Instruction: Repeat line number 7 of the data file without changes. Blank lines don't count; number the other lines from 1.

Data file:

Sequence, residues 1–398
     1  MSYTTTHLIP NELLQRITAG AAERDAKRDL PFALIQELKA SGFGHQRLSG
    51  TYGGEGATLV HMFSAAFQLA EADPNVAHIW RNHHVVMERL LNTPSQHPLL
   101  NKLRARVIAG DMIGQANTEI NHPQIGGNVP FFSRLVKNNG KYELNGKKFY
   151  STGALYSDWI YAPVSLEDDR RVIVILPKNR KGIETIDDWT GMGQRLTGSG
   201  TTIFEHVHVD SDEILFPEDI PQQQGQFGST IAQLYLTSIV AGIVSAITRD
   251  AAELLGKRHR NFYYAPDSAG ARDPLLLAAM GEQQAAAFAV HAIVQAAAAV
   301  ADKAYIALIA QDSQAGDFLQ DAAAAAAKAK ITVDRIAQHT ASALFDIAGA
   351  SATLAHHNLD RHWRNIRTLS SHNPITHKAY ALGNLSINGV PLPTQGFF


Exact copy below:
   251  AAELLGKRHR NFYYAPDSAG ARDPLLLAAM GEQQAAAFAV HAIVQAAAAV